Adoption Lawyers | Laconia Office | Serving Alton, NH
213 Union Avenue, Laconia, NH 03247
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If so, this is an important time in your life. When people wish to start or expand their family but are unable to have children on their own, adoption can be a great option. Adoption is the legal process a person or a couple goes through to obtain all rights and responsibilities in caring for a child. While adoption may seem simple, a skilled Alton adoption attorney can help you make the right decisions for your family.
There are many types of adoption and different ways of adopting a child. Whether you choose a closed adoption where you and the birth parent(s) remain confidential or an open adoption where you are in contact with the birth parent(s) will be up to all parties involved. Adoptive parents also have the option of adopting children inside the United States or Internationally. Adopting a child of a different ethnicity is also very common. Many states allow same-sex couples to adopt as well.
An attorney can often resolve your particular legal issue faster and better than trying to do it alone. A lawyer can help you navigate the legal system, while avoiding costly mistakes or procedural errors. You should seek out an attorney whose practice focuses on the area of law most relevant to your issue.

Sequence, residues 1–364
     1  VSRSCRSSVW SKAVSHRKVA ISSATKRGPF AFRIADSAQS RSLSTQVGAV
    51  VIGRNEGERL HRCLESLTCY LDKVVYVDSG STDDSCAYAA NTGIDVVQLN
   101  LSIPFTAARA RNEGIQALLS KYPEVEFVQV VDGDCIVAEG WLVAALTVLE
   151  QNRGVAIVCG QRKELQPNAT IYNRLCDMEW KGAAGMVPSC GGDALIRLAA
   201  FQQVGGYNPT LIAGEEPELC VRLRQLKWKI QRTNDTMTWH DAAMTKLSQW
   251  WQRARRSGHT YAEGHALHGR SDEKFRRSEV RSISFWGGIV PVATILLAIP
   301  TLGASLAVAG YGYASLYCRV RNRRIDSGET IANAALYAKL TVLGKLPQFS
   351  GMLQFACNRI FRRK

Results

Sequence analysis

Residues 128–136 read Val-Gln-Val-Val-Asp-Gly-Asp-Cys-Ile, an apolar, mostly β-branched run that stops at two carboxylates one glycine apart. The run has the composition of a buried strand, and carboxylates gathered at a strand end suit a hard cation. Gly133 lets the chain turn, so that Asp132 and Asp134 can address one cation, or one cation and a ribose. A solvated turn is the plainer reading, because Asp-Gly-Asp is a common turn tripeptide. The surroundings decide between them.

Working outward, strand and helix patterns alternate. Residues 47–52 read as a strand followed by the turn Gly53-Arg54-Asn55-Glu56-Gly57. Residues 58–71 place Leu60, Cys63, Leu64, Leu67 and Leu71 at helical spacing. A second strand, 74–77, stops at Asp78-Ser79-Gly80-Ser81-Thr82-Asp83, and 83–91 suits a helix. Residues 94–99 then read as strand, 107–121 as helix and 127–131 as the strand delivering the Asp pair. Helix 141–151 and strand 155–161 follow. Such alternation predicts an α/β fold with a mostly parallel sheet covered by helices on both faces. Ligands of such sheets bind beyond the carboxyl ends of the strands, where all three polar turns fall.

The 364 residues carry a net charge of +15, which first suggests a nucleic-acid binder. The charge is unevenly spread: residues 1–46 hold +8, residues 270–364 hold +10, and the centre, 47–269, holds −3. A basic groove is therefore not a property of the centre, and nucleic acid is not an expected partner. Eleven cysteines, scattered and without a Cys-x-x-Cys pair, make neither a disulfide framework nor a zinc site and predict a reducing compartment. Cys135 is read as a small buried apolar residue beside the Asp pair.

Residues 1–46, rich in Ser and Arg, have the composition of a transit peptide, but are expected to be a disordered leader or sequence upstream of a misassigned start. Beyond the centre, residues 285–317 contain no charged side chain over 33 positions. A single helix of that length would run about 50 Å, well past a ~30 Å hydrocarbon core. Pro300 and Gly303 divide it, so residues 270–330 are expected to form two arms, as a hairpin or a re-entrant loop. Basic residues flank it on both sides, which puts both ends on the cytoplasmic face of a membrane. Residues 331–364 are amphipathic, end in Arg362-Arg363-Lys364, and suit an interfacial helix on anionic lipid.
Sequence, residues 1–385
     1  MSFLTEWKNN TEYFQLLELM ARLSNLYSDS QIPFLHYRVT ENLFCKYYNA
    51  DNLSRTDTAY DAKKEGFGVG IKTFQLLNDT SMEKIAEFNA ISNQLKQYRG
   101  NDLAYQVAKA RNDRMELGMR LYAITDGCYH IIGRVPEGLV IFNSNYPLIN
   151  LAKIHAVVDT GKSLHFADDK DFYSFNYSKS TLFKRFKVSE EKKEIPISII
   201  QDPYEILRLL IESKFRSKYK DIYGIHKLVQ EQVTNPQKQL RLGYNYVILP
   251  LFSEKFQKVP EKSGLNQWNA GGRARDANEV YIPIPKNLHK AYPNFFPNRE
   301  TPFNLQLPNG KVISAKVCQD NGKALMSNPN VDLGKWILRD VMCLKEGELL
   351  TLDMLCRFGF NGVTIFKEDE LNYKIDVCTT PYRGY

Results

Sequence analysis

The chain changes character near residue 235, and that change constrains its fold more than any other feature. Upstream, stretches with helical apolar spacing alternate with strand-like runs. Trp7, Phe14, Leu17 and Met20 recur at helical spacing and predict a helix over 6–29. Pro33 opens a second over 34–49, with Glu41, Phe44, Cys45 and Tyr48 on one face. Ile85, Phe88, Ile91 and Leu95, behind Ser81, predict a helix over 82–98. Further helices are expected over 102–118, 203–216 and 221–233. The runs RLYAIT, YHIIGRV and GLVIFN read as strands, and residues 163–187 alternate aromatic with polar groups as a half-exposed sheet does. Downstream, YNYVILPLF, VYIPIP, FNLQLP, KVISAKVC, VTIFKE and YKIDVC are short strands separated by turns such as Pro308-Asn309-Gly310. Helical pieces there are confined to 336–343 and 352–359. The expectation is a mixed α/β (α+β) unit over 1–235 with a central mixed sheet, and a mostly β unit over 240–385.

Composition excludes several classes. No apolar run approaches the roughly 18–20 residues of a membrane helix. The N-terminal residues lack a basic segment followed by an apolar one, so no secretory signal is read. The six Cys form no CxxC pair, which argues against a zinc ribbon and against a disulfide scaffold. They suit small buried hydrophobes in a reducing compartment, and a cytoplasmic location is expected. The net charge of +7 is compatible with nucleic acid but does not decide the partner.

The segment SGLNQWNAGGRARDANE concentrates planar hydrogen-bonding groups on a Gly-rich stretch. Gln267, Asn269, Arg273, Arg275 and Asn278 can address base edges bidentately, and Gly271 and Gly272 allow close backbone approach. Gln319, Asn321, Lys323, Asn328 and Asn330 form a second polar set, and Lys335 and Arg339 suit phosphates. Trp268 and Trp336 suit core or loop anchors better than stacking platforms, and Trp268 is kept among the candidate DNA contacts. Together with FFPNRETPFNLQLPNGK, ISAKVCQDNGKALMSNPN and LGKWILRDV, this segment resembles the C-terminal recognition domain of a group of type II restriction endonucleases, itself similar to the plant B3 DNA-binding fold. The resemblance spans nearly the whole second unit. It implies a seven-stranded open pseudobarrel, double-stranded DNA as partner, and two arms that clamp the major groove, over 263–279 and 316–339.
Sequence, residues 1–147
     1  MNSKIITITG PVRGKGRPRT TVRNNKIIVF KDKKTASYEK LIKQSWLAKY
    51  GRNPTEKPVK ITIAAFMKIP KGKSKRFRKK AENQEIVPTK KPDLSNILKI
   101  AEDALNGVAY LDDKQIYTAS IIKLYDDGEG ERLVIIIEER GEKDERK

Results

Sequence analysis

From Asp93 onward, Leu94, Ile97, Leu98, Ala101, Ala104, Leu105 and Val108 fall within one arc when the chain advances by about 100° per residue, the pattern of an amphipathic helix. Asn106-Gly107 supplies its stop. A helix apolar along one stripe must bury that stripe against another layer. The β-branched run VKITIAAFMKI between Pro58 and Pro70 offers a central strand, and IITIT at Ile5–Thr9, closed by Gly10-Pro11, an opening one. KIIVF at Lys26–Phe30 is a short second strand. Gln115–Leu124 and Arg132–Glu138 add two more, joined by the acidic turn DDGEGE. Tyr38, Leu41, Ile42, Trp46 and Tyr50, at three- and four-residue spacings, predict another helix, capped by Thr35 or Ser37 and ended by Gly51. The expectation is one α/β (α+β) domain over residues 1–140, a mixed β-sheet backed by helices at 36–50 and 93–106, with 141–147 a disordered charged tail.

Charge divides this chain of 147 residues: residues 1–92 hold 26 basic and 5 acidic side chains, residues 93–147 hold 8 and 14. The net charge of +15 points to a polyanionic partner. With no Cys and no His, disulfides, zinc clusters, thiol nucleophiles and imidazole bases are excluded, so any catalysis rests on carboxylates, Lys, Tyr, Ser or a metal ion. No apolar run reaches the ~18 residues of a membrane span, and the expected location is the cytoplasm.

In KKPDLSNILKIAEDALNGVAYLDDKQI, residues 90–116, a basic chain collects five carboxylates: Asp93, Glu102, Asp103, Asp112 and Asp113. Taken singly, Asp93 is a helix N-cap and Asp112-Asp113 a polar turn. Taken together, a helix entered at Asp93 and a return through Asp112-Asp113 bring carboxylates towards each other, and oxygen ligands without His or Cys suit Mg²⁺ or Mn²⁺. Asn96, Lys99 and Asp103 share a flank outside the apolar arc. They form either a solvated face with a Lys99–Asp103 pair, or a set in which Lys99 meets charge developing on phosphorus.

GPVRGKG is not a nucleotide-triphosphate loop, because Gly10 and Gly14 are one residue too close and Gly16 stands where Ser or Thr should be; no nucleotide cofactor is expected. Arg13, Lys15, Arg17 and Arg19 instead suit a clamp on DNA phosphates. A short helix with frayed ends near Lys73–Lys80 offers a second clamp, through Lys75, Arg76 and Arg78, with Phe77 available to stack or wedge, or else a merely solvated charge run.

A reputable attorney will be very upfront about how he/she will charge you. The three most common fee structures that attorneys use to charge for their services are:
Depending on your specific legal situation, it’s possible that only one type of fee structure is available. For instance, criminal defense attorneys almost always bill by the hour. In a flat fee arrangement, an attorney accepts a one-time payment to help you resolve your issue. With a contingent fee agreement, the client pays little to nothing upfront and the attorney receives a percentage of the money recovered if you win your case.
Pro se – This Latin term refers to representing yourself in court instead of hiring professional legal counsel. Pro se representation can occur in either criminal or civil cases.
Statute – Refers to a law created by a legislative body. For example, the laws enacted by Congress are statutes.
Subject matter jurisdiction – Requirement that a particular court have authority to hear the claim based on the specific type of issue brought to the court. For example, the U.S. Bankruptcy Court only has subject matter jurisdiction over bankruptcy filings, therefore it does not have the authority to render binding judgment over other types of cases, such as divorce.